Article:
Wimbledon, World Cup and more: How sports technology can benefit businesses

"It's not about people coming through the gates but brand perception is important on every platform. We need to provide new TV graphics and use the commentators to bring the tournament to life."

IBM is also responsible for analysing social data at the tournament. A phone app and initiative called Hill vs. World allows those watching in the venue and those viewing on Henman Hill or Murray Mound to communicate via a Q&A interface.

The tech giant will beam questions onto the big screen at Henman Hill and then spectators inside the venue and the social world can tweet responses.

This data will be analysed by Wimbledon's social control centre to give them a better understanding of how to tune and tailor content on the Wimbledon website and the app.

Seddon explained how the technology has real parallels with a business' customer experience. Just as Wimbledon needs to show the graphics on a TV screen and on the website by transporting data to digital interfaces, businesses need to provide a form of data to a customer and bring it to life in an easy-to-digest format.

For example, in Malaysia, IBM is working with telecommunications provider Cellcom who couldn't give a personalised experience to its customers, despite having a huge database of information about each one. IBM researched into the data and analytics Cellcom had and was able to deliver a tailored experiences to customers as a result.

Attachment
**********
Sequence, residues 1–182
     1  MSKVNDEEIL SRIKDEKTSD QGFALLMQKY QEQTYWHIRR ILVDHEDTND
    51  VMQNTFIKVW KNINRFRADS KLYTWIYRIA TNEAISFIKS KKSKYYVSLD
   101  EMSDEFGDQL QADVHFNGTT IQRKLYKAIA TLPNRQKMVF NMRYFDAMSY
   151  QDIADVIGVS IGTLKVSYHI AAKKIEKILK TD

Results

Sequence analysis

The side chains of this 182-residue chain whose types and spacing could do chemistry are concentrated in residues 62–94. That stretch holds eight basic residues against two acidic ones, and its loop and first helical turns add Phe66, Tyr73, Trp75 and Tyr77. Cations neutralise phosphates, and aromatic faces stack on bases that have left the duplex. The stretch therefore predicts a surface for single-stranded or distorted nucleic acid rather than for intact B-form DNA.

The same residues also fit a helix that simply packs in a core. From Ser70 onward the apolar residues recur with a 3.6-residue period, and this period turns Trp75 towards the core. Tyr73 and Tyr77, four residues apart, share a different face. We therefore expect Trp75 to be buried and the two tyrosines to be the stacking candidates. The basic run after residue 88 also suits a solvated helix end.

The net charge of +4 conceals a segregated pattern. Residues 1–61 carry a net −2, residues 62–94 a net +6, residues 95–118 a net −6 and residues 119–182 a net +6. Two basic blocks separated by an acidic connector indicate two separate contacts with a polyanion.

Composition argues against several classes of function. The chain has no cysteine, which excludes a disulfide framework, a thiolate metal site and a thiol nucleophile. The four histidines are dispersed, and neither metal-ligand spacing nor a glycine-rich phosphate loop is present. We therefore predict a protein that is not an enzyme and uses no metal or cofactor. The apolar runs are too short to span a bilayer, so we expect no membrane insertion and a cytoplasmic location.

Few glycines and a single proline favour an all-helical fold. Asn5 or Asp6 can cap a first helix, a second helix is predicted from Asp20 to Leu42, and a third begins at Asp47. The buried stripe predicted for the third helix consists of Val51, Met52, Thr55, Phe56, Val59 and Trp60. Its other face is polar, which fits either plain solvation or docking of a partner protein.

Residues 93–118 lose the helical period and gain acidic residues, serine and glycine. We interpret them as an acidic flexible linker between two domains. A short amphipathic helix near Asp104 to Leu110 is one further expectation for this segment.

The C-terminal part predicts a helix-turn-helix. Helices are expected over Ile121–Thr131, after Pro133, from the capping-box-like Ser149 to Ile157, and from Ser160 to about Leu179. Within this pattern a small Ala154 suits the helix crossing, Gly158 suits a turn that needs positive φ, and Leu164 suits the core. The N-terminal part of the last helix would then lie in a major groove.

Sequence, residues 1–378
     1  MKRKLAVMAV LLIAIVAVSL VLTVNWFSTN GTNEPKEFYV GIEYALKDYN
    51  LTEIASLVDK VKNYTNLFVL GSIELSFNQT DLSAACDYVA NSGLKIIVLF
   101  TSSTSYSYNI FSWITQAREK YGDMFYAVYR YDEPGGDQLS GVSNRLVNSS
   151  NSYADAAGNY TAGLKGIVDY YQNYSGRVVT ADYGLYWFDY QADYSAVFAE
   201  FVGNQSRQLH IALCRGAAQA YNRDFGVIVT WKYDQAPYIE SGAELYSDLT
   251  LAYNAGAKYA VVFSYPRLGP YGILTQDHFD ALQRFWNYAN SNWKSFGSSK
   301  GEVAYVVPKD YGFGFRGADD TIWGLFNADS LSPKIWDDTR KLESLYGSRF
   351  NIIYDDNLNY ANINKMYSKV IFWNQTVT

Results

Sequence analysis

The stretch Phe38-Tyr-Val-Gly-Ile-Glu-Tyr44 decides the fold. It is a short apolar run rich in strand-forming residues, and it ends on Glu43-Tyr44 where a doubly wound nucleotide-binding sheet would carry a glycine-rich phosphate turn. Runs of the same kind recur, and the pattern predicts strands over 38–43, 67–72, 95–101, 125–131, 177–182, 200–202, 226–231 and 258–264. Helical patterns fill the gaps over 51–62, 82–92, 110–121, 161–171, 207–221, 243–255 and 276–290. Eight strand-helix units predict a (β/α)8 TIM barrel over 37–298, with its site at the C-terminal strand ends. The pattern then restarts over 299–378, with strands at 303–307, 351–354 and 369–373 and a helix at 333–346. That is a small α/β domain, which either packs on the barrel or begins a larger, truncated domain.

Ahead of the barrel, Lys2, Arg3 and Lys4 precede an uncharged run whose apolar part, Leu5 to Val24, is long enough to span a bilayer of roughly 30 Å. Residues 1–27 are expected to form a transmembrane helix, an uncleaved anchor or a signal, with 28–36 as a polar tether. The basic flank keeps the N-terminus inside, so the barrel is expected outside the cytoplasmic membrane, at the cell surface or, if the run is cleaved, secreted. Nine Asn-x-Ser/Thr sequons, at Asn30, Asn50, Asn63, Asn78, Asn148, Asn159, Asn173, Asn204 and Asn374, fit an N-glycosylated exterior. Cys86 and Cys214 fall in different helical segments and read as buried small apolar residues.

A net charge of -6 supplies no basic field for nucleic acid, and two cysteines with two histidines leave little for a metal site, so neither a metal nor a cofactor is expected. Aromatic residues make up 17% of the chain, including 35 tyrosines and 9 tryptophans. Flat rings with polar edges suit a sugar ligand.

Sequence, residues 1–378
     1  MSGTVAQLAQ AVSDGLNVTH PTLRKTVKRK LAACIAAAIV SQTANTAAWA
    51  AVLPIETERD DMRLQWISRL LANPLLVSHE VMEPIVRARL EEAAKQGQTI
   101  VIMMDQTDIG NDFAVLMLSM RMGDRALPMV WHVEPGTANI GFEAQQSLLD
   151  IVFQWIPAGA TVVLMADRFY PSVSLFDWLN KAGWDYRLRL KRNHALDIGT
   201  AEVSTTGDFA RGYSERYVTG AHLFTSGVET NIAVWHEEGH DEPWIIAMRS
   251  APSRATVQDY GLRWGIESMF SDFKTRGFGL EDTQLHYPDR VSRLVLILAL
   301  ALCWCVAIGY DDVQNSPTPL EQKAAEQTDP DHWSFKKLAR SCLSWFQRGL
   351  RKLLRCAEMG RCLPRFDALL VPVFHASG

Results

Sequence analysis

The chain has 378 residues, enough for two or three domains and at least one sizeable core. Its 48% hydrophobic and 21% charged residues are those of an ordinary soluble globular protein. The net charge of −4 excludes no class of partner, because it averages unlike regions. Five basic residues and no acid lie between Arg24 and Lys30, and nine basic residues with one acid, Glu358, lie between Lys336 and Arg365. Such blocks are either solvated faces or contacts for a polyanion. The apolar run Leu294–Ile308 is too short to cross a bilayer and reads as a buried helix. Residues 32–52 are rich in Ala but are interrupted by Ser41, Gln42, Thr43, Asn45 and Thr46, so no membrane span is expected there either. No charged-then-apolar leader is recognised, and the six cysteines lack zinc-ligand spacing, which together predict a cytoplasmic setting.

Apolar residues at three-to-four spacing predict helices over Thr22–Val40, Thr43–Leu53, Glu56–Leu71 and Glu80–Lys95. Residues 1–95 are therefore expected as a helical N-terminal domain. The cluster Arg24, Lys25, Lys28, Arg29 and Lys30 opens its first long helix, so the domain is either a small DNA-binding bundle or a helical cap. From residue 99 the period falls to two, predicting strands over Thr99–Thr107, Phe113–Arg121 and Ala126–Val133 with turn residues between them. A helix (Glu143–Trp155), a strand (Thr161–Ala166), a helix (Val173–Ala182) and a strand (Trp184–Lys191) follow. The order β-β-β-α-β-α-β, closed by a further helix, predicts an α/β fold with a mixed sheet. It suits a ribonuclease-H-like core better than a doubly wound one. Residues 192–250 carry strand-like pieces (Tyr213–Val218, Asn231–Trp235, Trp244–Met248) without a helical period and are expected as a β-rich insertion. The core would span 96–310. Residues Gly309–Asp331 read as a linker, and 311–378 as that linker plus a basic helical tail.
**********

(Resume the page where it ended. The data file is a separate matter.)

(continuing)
The sporting world vs. the business world

It would appear that sport and business have more parallels than you would first think. It's ultimately all about delivering an experience, whether to end users, customers or partbers. Technology is being used to ensure those experiences are the best they can be in terms of cost, efficiency and user satisfaction.

As our appetite for mobile devices and apps continues to grow, we will demand more immersive experiences at work, home and play and look to businesses - whether sporting or otherwise - to meet and exceed our increased expectations.

Clare Hopping
Freelance writer

Clare is the founder of Blue Cactus Digital, a digital marketing company that helps ethical and sustainability-focused businesses grow their customer base.

Prior to becoming a marketer, Clare was a journalist, working at a range of mobile device-focused outlets including Know Your Mobile before moving into freelance life.

As a freelance writer, she drew on her expertise in mobility to write features and guides for ITPro, as well as regularly writing news stories on a wide range of topics.